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Foundations for Information Security Strategy: SAS 70 and SSAE 16 (Part 2)
In the first article of this series on information security within your facility, we shared some background of why and how people steal names, addresses, social security numbers or credit card information as well as the increased regulations surrounding personal information. This has led to a heightened awareness and use of the SAS 70 audit (now SSAE 16) to provide assurance on processes (such as printing or mailing, which is what makes your business a service organization) when working with sensitive client information to prove to customers and other third parties that sound and secure business processes are used to protect that confidential information. We also discussed a number of key areas where exposure exists.
In this article, the second of a three part series, we will discuss some of the corrective actions that can be taken to mitigate some common exposure areas identified.
Strong Policies and Procedures
Policies and procedures provide the foundation for entity-level controls. They demonstrate management’s commitment to a secure environment. They define acceptable behavior for employees and provide accountability for violations of acceptable behavior. Periodic training is essential to ensure that policy objectives are understood throughout the organization.
Defined User Access Permissions
User permissions define areas within the system that users are allowed to operate. Permissions should be defined for network, business applications, and databases. The concept of least privilege should be used. Least privilege dictates that system users should have access to everything they need for their job functions but nothing that they do not need for their job function. The more granularity that is applied, the more secure the system will be. Sounds simple but this can be a complex process; however, defining access by role and using role templates can be an effective way to administer this process.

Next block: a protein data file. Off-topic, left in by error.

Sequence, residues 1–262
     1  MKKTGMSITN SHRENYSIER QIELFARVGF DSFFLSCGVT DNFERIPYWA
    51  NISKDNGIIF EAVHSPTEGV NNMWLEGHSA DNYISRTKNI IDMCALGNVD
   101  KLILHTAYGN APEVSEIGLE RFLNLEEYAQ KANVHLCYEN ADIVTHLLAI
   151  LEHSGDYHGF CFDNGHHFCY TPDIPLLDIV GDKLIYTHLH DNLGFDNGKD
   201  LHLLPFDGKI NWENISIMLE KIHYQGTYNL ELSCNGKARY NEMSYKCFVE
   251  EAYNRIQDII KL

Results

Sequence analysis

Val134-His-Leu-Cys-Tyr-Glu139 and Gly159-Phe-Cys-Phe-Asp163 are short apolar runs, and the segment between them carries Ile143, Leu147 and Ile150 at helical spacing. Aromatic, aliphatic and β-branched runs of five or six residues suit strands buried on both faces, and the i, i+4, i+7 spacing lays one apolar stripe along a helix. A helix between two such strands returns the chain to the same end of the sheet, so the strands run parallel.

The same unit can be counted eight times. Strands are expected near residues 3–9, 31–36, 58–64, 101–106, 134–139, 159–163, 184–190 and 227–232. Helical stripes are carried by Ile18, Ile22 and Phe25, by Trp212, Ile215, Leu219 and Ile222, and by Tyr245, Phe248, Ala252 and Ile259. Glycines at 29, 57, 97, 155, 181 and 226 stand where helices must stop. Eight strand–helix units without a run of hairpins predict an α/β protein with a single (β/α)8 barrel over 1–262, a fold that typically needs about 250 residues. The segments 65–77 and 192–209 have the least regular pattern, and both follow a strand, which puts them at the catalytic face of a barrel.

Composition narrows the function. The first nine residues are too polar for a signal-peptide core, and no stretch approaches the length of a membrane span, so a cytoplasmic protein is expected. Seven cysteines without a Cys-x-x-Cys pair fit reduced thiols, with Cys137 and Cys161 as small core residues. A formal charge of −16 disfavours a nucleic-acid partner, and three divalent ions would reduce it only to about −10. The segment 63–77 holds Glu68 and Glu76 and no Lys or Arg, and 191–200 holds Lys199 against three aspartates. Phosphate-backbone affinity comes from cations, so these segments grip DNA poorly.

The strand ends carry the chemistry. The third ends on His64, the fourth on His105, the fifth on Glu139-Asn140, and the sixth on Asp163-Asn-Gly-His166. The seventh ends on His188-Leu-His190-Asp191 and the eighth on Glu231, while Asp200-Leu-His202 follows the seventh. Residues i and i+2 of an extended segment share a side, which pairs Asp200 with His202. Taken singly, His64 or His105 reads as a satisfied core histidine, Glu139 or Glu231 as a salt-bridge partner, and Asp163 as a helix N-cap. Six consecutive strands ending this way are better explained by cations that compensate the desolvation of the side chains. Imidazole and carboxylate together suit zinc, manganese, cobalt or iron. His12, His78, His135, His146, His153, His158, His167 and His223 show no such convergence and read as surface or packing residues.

Hardened Internal Systems
By default most operating systems and application systems are shipped and installed in a very insecure manner. Specifically, if you install systems and make no changes to the default settings the system will likely have numerous security flaws and will be vulnerable to attack. This condition is known as “default open.” The process of taking the system from a default open condition to a more secure condition is called “hardening.” There are four categories to be considered for hardening:
- Authentication. Default passwords in systems are typically weak and in some cases missing entirely. All default passwords, especially those with super user (administrator) privileges, need to be changed immediately upon install.
- Event Logging. By default event logging is weak and in many cases turned off entirely. Key event logs need to be assessed and turned on as appropriate.
- Default System Settings. By default systems settings can be very insecure. This can be a highly technical process to identify and remediate, often very system-specific. The Center for Internet Security (CIS) is a terrific resource for this issue. CIS provides system specific hardening checklists and, in some cases, even provides software tools to scan your systems for weak settings. CIS can be found at www.cisecurity.org.